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Evidently the great writer Washington Irving said, “A tart temper temper never mellows with age, and a sharp tongue is the only edged tool that grows keener with constant use.”


In marriage, a “tart temper” is sometimes thought to be simply part of the deal. We use the excuse that we are just wired that way, or we learned it from our parents, or maybe even that it’s necessary if anything is going to get done. Sadly, we think that either it’s “just the way it is” or “we can’t change who we are…”

However, God says in His word that it’s not okay to be quick tempered, because it’s not His pattern or His plan. He says that we are to be exactly the opposite of quick tempered.

“Love is patient, love is kind. It does not envy, it does not boast, it is not proud. It is not rude, it is not self-seeking, it is not easily angered…” 1 Corinthians 13:4-5a


Would you consider yourself EASILY angered? If you lose it over having to tell your spouse more than once where her keys are, if you have three complaints ready for your spouse the minute you see them after work, if you honk the horn to get your spouse to hurry on Sunday morning, if you yell and rage because they missed the dirty clothes hamper with those socks again, if you ever yell at a spouse or child to tell them to be quiet, if you repeatedly fuss that your spouse unfairly hogs the remote control…you might be easily angered. Maybe you don’t have any of these symptoms, but you know it if you’re easily angered. Actually, if you aren’t sure whether or not this is a problem for you, ask your spouse…then gauge how their reaction hits you!

The word translated “angered” or “provoked” here in 1 Corinthians is paroxuno, which is also translated elsewhere as “stirred’. We should not be quick to get all stirred up to the point of losing control of our temper, but in keeping with the context of this entire 1 Corinthians 13 passage, we should be quick to show patience and endure, to be kind.

The idea of stirring makes sense to me because I enjoy cooking and baking, but there are different ways to mix something. Sometimes stirring is necessary, but what 1 Corinthians says is that you should not automatically turn the blender to puree or you’re just going to have a huge mess! When we skip the stir, blend, and mix settings and completely chew someone up quickly, we’ve definitely missed the mark. No matter how “deserved” you feel the anger was, it’s wrong. You are wrong if you are easily angered. I am wrong when I am easily angered.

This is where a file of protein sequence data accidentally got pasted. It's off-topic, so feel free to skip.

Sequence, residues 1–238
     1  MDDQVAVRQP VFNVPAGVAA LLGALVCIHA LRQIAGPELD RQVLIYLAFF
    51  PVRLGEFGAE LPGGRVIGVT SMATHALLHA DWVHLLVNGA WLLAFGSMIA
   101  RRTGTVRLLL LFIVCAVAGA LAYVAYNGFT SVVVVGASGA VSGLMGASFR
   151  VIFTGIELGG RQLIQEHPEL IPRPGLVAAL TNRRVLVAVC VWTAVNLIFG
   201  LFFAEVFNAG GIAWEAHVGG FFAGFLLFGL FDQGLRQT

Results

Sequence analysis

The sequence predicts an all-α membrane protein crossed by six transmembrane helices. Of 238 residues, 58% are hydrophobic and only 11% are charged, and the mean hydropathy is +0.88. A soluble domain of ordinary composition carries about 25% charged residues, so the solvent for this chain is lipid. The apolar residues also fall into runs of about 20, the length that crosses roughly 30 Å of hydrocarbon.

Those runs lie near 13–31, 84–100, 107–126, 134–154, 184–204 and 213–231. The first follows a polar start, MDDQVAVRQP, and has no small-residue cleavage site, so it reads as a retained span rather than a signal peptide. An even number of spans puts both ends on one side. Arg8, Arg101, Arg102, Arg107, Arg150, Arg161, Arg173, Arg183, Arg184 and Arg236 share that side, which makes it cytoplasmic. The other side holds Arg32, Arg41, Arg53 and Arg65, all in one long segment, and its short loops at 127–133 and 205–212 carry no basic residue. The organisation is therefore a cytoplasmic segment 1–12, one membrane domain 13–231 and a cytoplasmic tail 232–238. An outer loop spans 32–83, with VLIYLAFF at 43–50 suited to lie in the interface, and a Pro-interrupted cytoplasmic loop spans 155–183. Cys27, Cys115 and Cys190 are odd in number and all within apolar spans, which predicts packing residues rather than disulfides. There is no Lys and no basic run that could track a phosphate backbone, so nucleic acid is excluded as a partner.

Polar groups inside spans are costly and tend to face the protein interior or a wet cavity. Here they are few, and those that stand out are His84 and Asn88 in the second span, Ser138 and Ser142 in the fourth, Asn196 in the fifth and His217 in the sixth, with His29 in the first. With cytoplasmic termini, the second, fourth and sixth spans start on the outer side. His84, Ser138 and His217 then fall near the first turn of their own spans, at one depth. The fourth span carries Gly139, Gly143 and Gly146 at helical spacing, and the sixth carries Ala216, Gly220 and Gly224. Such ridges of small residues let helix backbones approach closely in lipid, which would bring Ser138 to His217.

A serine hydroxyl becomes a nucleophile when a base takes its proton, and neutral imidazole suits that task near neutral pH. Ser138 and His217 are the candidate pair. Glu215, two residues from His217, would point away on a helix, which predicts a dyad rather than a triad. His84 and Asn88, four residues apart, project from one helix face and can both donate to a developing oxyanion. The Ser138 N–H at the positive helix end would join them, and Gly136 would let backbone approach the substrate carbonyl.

How do we make ourselves “un-easily” angered? Is it possible to be stirred appropriately but not totally pureed or frapped? The bad news is that we can’t fix it. In all our humanness, our blender is likely to go straight to the puree setting if we are pushing the buttons…or if our buttons get pushed by anyone but Jesus!

OH but the really really GREAT news is this: God can fix it and is just begging for you to let Him change you. Let Him have the control setting on the blender of your emotions and life. You see, the passage in 1 Corinthians says that only “love” is not easily angered or provoked. The word translated “love” here is agape….yep, God’s kind of love. Agape love is the very selfless love that led Christ to die for you and me. It’s impossible for us to concoct this type of selfless love on our own, but God’s dying to give it to us and then show us how to love that way ourselves. In fact, Galatians 5:22 says that agape is actually what grows when the Holy Spirit is allowed to take up residence in and control of your life.

So the way to stop being easily angered is to give the Holy Spirit control of your life, your marriage, your emotions, your everything. How does that happen? You just ask, and then cooperate with Him.

It’s that simple. Pray…ask God to fill you with His Holy Spirit. When that begins to happen, you’ll begin to feel and hear God helping you to be more patient, more loving, more enduring, and less quickly provoked. In fact, when you start to fly off the handle, ask yourself when was the last time you asked God to fill you with His Holy Spirit. Oh, you’ll still blow it, but when you do you’ll realize that it’s a symptom of the real problem in you or maybe even your marriage. Maybe you’ve not submitted to the Holy Spirit and been filled with His agape kind of love. That’s the only kind of love that is not easily angered.